42 They devoted themselves to the apostles’ teaching and to fellowship, to the breaking of bread and to prayer.
43 Everyone was filled with awe at the many wonders and signs performed by the apostles.
44 All the believers were together and had everything in common.
45 They sold property and possessions to give to anyone who had need.
46 Every day they continued to meet together in the temple courts. They broke bread in their homes and ate together with glad and sincere hearts,
47 praising God and enjoying the favor of all the people. And the Lord added to their number daily those who were being saved.
FELLOWSHIP and WITNESS
One of the characteristics of the Early Christian community was that they devoted themselves to fellowship. Fellowship means holding all things in common, in other words, sharing together, doing life together.
They began to know and to love one another. Think about it, here are 3,000 people suddenly added to a little band of twenty. Most of them probably were strangers to each other. Many of them had come from other parts of the world into Jerusalem for that occasion. They must have been unknown to each other.
But now they are one in Christ, transformed toward unity, and they begin to love each other and start to talk to each other, to find out what each other has been thinking and how each has been reacting, and to share their problems and burdens and needs, to talk about these together and pray together about them. There was a wonderful sense of community, of harmony, of belonging to each other. That is the fellowship which is the intended life for the body of Christ, the Church.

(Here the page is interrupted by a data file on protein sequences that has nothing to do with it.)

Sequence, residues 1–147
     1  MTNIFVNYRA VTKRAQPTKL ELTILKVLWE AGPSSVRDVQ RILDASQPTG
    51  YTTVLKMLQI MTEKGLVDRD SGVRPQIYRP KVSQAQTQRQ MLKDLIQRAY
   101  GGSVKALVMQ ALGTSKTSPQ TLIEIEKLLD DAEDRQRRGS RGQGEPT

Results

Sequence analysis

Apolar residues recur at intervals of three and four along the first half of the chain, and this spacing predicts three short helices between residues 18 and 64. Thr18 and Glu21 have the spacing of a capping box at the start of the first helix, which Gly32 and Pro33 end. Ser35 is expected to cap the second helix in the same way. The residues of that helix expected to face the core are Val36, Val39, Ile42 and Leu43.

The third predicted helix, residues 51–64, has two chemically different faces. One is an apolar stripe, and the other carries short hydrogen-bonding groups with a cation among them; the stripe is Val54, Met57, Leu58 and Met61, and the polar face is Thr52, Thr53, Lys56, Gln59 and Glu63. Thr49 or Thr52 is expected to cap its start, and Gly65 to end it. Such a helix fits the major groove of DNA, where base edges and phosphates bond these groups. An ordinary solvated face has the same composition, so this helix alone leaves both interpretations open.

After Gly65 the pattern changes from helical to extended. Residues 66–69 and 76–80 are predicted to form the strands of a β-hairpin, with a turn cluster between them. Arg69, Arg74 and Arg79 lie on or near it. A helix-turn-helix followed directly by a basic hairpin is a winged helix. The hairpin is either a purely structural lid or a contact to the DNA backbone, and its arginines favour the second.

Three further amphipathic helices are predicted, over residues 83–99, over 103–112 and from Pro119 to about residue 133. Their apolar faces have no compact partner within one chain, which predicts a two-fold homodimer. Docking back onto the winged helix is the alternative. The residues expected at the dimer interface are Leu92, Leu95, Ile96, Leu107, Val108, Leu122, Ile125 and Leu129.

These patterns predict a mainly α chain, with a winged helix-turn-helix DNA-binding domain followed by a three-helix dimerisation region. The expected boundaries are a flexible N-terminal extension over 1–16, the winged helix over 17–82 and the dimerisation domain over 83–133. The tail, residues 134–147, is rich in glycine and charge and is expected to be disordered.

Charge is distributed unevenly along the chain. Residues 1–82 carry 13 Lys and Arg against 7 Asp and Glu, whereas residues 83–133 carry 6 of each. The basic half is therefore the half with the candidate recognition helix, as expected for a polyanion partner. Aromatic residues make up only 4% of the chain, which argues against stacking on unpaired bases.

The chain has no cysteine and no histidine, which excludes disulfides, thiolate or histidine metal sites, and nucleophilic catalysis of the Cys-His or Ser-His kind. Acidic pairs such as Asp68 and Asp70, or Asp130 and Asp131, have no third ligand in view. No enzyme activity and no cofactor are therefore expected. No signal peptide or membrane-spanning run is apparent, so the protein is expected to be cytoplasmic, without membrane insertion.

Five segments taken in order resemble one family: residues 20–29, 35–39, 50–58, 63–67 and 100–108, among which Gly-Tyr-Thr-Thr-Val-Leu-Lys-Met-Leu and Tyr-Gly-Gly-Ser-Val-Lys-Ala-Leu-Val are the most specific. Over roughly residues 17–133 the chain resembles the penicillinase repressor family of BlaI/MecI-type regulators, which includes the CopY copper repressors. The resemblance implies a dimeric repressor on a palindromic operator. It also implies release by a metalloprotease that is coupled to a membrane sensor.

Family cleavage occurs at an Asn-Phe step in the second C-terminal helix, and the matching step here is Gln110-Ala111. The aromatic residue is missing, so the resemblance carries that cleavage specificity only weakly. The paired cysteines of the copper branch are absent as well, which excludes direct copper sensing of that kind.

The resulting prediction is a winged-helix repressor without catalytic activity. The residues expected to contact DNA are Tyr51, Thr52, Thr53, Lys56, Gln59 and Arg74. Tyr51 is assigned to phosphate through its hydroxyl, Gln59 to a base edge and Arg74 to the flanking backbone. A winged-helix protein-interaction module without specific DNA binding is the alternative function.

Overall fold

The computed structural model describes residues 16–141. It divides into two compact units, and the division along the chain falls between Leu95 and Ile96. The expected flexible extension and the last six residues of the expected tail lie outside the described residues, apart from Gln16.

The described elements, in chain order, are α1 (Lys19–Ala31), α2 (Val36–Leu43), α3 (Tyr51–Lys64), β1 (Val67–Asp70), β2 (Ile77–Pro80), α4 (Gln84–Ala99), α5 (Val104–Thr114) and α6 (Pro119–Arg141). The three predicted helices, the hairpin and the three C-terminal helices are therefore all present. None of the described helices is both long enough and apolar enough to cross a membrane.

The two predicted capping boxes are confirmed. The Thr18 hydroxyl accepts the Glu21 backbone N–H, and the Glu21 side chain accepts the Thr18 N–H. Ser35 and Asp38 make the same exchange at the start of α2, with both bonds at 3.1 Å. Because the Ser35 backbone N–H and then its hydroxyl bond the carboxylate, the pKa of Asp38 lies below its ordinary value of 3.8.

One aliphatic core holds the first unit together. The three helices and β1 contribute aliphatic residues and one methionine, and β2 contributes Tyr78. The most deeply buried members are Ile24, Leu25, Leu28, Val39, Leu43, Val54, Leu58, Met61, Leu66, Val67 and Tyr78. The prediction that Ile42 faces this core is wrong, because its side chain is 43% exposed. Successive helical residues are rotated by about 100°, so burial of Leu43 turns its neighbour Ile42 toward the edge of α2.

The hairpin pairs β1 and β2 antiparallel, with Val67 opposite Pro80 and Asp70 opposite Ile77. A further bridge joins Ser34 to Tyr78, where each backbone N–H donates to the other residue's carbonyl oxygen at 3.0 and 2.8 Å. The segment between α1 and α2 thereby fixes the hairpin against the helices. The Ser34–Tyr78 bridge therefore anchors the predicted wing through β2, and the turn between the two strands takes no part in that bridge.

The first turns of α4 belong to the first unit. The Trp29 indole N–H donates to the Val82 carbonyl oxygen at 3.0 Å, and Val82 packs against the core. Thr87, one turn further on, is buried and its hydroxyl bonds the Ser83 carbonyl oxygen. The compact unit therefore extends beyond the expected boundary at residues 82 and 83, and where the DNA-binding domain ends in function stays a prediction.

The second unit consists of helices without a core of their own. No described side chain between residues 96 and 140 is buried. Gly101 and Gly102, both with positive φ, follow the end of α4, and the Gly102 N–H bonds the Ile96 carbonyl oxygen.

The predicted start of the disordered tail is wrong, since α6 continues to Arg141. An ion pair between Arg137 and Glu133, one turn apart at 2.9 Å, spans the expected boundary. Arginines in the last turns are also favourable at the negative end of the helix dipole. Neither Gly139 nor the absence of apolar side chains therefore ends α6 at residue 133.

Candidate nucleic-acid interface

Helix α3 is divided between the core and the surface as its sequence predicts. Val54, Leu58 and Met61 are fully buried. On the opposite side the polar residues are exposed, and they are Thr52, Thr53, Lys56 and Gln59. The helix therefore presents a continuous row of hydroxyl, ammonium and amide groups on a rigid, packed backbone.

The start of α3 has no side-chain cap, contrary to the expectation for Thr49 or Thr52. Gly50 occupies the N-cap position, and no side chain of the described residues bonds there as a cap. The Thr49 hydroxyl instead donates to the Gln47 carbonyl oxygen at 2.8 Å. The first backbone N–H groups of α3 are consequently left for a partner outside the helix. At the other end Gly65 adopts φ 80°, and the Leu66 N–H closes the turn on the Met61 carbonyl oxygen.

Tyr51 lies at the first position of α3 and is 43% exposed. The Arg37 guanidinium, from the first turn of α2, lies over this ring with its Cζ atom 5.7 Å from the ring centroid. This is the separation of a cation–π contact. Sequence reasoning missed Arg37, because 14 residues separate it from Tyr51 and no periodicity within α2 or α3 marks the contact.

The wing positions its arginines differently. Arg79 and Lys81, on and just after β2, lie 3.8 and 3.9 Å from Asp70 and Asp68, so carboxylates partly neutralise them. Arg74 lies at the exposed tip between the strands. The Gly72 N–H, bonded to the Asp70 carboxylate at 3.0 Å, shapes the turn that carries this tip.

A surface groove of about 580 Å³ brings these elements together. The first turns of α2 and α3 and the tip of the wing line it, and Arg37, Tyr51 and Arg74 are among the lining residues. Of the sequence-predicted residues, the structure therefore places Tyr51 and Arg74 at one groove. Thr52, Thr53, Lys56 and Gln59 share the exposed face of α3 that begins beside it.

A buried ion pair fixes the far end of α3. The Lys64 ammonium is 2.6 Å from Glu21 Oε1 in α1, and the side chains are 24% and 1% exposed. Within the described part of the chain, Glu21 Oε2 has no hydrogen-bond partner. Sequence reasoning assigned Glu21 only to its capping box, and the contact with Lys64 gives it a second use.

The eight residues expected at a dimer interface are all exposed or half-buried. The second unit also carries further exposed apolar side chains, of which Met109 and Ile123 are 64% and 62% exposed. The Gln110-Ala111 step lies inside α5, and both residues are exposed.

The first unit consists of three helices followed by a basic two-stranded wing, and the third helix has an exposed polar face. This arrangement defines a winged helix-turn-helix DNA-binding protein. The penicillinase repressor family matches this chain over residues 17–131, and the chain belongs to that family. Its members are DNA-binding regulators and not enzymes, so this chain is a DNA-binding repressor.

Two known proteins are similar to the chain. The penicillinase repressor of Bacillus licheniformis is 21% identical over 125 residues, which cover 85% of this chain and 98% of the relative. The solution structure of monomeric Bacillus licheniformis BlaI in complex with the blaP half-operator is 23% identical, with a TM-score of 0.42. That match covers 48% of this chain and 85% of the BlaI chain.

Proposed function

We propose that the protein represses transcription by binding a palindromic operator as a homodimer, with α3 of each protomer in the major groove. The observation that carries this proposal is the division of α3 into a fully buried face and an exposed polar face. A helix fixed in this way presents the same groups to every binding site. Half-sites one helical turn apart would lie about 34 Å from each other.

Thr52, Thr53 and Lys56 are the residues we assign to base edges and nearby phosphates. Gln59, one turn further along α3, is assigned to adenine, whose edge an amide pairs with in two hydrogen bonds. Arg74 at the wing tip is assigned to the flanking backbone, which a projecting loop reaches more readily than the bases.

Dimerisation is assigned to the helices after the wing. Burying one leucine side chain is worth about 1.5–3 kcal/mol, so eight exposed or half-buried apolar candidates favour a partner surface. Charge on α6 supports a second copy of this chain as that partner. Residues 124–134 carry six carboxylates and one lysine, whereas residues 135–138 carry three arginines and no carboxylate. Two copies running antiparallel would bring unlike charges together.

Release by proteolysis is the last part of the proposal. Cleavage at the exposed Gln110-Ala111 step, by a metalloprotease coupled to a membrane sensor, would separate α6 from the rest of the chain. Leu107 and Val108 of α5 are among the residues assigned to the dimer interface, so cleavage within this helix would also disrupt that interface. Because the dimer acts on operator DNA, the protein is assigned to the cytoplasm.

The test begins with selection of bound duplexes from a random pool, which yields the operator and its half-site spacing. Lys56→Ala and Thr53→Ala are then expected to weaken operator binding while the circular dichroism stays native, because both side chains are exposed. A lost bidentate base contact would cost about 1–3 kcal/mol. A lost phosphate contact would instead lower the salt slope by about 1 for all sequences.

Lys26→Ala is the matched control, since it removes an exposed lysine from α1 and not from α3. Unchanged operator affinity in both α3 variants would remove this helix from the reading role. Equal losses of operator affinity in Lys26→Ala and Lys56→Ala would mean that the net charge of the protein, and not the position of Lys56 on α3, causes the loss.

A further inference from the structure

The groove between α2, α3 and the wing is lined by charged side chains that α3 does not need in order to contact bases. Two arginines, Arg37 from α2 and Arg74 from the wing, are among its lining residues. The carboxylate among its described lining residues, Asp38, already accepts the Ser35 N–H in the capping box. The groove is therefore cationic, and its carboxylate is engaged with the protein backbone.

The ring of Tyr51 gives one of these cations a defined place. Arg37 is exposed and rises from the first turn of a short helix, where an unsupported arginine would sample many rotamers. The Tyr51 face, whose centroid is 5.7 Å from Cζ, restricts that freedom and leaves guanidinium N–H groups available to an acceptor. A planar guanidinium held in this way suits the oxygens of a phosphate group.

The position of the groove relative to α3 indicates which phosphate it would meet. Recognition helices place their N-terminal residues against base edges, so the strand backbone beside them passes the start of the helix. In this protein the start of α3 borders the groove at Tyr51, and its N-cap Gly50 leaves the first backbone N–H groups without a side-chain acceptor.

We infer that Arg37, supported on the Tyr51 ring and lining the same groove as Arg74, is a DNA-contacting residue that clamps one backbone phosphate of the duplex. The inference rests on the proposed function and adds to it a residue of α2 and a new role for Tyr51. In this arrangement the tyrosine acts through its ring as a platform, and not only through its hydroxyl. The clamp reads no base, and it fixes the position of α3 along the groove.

God intends that Christians should have fellowship, should share one another's lives and thoughts and problems — bear one another's burdens and so fulfill the law of Christ.
"Fellowship" is a bit of a lost word. Too many think it means greetings and socializing. But, for this early Christian church, fellowship meant so much more. They shared, contributed to one another, and participated in each others' lives.
For them, fellowship turned into physical generosity. They sold their goods and lands and, for a time, lived communally. Not every description in Acts is a direction from God, but the self-sacrificial service found here is beautiful, and is a sign of what can happen when the Spirit is at work within a community of Jesus followers.
Notice in our text above that it says that the fellowship was joined to other important communal activities. We Read, “they devoted themselves to the apostles’ teaching and the fellowship, to the breaking of bread and the prayers.” The “fellowship” of this community was a witness to those around them, we are told that this early community of Jesus had “favor with all the people”and that many joined in on this experience of community shaped by the resurrection power of Jesus Christ.
I find that this passage in Acts 2 is challenge to us all. To demonstrate a love among Christ’s community that those looking on will desire? To be marked by a generosity that those around will be astonished by. That the harmony of fellowship among God’s people will make the world curious and want to know more of the hope that is in us.
I read one time these words, “When Christ is given rule in His Church, He still draws all people to Himself.” Perhaps that explains the final lines in our reading today, that“the Lord added to their number day by day those who were being saved.”
Lord, use me today as a channel for all You have in store for those
Help me to show them Your love, Your peace, Your hope, Your
mercy, Your grace, and Your joy.
Give to me, so that I can give to others;
fill me to overflowing, so that I can fill others.